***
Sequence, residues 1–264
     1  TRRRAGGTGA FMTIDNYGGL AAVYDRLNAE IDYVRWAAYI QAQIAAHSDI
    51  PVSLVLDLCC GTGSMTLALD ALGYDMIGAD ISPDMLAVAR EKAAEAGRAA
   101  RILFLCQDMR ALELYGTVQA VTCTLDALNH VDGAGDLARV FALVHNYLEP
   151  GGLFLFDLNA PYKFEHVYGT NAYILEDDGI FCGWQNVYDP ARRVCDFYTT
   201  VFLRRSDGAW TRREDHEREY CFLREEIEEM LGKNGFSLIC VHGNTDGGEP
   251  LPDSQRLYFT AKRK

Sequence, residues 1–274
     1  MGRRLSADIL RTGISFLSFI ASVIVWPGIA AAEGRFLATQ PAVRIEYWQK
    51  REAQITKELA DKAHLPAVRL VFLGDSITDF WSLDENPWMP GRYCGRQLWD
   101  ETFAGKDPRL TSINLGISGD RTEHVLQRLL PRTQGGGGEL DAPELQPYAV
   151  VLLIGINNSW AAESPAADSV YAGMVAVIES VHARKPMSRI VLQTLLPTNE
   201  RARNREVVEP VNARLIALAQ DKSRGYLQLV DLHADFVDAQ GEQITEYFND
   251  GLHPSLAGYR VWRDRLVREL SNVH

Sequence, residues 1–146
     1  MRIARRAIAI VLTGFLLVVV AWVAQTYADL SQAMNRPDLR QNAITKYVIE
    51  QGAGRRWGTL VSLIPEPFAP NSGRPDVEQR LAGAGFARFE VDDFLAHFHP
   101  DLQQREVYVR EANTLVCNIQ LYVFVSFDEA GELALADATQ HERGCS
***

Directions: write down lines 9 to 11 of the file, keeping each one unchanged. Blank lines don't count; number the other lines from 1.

     1  MGRRLSADIL RTGISFLSFI ASVIVWPGIA AAEGRFLATQ PAVRIEYWQK
    51  REAQITKELA DKAHLPAVRL VFLGDSITDF WSLDENPWMP GRYCGRQLWD
   101  ETFAGKDPRL TSINLGISGD RTEHVLQRLL PRTQGGGGEL DAPELQPYAV